Allowing self-evident propositions to be proved by other propositions is also crucial to one of the most important aspects of Audi's brand of intuitionism. Following Ross, many versions of intuitionism -- including Audi's -- are pluralistic. One complaint about such a view is that there seems to be nothing that unifies the things that it treats as morally important. Audi attempts to remedy this by showing how many, though probably not all, of the principles of prima facie duty can be derived from a broadly Kantian focus on treating people as ends in themselves rather than merely as means. This does not mean these principles can only be known, or depend for their truth, on such a derivation. The idea is rather that the Kantian injunctions characterize the purpose or telos of morality, and so the principles of prima facie duty are then unified in that they are the principles that flow from the purpose of morality (168). He also appeals to this idea to show how to resolve some cases of conflicts between prima facie duties: when one action would involve violating a Kantian injunction but the other would not, the second is to be preferred even if they are otherwise equally well supported by prima facie duties.

Two questions about this appeal to Kantian injunctions are important. First, given that (i) the principles of prima facie duties do not depend for their truth on these injunctions, and (ii) it seems doubtful that all of them will follow from the Kantian injunctions, we may ask in what sense the Kantian injunctions truly systematize the prima facie duties. We may think, instead, that we just have two different ways of thinking about morality that nevertheless agree in many of their verdicts about what's morally important. Second, though Audi works at length to try to dispel this worry, it sometimes looks as if the role of the Kantian injunctions in conflict resolution is simply as additional prima facie duties that support one or the other action. This would undermine Audi's claim that they have a more fundamental role to play.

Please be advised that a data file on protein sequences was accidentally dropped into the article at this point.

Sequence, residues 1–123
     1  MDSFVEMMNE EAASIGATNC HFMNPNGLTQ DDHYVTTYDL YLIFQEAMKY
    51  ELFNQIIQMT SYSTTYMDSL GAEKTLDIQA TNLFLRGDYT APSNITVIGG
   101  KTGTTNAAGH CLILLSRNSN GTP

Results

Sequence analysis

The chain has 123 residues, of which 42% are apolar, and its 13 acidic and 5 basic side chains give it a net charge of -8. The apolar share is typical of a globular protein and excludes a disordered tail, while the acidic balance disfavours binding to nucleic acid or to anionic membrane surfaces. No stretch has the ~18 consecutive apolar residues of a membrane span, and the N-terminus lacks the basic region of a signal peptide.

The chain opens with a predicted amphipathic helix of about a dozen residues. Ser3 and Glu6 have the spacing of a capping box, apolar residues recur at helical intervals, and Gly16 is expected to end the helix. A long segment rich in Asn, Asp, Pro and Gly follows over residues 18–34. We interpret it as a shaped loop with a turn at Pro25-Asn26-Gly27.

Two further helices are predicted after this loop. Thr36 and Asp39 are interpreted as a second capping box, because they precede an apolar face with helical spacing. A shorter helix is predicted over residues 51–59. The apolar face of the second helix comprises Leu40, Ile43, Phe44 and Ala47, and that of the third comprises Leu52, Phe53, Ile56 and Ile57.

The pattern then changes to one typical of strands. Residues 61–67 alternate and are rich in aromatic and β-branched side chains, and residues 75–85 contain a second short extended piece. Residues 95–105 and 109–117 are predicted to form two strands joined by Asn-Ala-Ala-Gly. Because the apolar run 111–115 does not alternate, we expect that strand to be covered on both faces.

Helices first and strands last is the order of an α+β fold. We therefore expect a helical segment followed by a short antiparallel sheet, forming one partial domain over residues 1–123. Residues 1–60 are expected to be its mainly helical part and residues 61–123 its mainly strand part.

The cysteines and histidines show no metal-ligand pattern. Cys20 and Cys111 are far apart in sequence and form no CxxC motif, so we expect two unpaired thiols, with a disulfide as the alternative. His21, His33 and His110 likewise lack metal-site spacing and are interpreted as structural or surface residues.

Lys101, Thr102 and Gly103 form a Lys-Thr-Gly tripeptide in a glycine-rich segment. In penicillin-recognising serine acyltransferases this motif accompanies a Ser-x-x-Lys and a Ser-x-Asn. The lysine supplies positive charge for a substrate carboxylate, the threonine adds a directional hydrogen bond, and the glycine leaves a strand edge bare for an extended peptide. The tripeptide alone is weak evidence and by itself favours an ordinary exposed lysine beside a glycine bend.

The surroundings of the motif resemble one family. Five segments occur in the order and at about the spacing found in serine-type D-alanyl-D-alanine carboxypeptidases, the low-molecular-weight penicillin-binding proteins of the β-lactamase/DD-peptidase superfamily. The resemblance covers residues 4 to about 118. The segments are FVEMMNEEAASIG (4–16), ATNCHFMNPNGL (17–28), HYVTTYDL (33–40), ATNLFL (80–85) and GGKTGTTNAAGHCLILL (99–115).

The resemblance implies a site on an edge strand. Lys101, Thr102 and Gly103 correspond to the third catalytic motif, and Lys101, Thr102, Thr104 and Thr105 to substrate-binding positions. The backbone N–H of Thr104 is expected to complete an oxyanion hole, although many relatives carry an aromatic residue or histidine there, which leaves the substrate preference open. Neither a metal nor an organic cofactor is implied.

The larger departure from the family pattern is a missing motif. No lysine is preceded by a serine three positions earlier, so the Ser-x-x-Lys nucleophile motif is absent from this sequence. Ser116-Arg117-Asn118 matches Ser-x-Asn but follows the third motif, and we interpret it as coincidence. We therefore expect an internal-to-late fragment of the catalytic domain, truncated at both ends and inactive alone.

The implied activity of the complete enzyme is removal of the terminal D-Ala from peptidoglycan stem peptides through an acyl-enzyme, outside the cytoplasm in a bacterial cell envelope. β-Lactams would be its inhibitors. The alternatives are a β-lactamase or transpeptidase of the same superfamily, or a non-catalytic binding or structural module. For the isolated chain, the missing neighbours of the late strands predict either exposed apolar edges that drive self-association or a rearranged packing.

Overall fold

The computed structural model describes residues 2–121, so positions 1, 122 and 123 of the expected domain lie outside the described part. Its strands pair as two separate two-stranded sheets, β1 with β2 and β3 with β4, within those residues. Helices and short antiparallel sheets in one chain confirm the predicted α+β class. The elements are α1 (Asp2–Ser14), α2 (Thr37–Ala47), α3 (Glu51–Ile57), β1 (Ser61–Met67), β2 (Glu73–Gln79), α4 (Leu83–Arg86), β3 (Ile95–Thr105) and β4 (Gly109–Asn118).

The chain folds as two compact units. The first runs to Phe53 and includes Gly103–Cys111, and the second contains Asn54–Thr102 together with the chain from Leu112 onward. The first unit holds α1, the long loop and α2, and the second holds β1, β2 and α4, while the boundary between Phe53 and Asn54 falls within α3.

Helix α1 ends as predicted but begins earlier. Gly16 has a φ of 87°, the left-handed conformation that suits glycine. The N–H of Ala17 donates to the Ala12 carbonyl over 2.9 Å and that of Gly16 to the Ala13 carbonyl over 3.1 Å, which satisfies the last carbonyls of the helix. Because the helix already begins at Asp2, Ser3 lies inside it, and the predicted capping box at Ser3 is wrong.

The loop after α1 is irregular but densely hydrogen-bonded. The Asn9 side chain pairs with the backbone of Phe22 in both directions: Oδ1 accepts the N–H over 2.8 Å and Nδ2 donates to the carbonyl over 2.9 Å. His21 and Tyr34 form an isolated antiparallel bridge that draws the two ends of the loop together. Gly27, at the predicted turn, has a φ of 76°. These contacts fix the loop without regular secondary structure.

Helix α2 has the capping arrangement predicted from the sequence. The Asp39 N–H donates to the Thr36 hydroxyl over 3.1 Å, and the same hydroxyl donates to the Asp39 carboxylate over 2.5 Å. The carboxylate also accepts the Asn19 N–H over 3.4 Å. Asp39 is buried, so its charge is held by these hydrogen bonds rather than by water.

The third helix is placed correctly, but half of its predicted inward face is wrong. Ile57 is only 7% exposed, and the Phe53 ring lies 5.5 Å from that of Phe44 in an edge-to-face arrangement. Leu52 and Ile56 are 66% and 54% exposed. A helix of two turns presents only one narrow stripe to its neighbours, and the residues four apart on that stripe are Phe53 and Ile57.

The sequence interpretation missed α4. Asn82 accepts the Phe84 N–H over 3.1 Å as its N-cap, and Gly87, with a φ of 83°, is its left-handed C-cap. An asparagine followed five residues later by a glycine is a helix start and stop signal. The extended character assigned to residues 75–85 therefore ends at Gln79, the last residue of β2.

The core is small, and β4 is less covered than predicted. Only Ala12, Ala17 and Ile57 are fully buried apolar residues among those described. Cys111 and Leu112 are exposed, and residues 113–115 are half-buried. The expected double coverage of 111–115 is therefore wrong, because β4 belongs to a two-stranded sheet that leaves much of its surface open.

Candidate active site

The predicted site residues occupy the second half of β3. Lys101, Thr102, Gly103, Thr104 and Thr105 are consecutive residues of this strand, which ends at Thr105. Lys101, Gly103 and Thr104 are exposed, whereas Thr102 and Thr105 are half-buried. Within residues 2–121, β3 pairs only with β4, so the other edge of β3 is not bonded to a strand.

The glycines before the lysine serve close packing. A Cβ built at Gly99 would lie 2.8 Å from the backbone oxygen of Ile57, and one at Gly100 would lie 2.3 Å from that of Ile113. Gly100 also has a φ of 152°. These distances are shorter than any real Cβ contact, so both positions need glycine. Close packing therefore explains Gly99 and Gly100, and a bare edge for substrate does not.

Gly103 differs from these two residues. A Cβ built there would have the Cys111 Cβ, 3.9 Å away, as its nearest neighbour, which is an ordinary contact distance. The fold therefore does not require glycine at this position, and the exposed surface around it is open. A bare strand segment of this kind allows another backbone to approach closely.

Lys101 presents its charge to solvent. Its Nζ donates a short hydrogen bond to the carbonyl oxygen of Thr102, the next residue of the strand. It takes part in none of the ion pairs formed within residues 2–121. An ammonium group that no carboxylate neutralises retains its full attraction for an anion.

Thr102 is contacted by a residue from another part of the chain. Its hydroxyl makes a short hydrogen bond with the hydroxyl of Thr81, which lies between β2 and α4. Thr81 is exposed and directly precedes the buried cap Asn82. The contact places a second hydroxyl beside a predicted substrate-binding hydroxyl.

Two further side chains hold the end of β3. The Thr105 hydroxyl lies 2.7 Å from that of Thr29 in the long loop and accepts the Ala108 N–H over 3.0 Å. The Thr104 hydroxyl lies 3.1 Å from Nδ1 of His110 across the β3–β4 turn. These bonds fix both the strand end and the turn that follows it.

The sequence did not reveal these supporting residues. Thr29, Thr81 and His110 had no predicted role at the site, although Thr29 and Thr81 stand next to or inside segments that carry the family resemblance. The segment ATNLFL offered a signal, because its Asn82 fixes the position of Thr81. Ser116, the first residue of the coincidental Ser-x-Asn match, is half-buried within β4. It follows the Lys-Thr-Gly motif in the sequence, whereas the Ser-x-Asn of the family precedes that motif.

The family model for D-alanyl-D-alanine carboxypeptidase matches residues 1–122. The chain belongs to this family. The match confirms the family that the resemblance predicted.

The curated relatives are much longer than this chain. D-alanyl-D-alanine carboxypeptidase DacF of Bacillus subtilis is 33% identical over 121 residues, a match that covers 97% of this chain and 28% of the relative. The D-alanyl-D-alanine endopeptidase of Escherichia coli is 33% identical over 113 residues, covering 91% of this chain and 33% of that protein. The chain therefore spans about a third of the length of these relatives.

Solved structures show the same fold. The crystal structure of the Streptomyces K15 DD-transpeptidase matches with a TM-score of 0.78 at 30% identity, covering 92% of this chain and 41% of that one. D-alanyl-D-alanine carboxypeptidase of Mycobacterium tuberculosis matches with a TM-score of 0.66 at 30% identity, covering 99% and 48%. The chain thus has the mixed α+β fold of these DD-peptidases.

The last two essays in Part II involve very interesting discussions of moral virtue. One lesson of "Moral Virtue and Reasons for Action" is that we generally only have a limited and indirect kind of control over which of our reasons we act for when there are multiple reasons supporting the same action. Since being virtuous plausibly requires acting for the right kinds of reasons, our direct control over how virtuous we are is similarly limited. The best we can do, often, is take indirect strategies to make ourselves especially sensitive to the right kinds of reasons.

The last part of the book applies some of the ideas developed in Parts I and II to topics of social concern. First, Audi argues in "Wrongs within Rights" that we have moral obligations that go beyond what are determined by rights. This has the consequence that we may do something we have the moral right to do and still be morally criticizable. An example is failing to donate money to charity: we may have the moral right to keep our money, as no one else has a right to it, but we are still morally criticizable as selfish if we don't donate and may in fact have an obligation to donate. His conclusion is that a purely rights-based theory of ethics will be inadequate.

I can only briefly mention the last two essays on applied ethics. In "Religion and the Politics of Science", Audi discusses the recent debate over the teaching of intelligent design in science education and develops a notion of religious neutrality that may be useful in designing policy governing the teaching of science. Finally, in "Nationalism, Patriotism, and Cosmopolitanism in an Age of Globalization", he discusses the justification of various kinds of patriotic or nationalistic attitudes and practices compared to an extreme cosmopolitanism. He applies this to debates concerning globalization, including the exporting and importing of culture across different societies.

As should be clear by now, the essays in this book have a very broad scope, covering a huge swath of the normative domain. Space constraints have kept me from discussing most of this in any detail, but I hope to have brought out a few of the most interesting issues and indicated where it might be fruitful to press.

Audi's work is extremely thorough and rich and will reward careful readers. I recommend this book to anyone interested in moral philosophy and indeed in normativity more generally.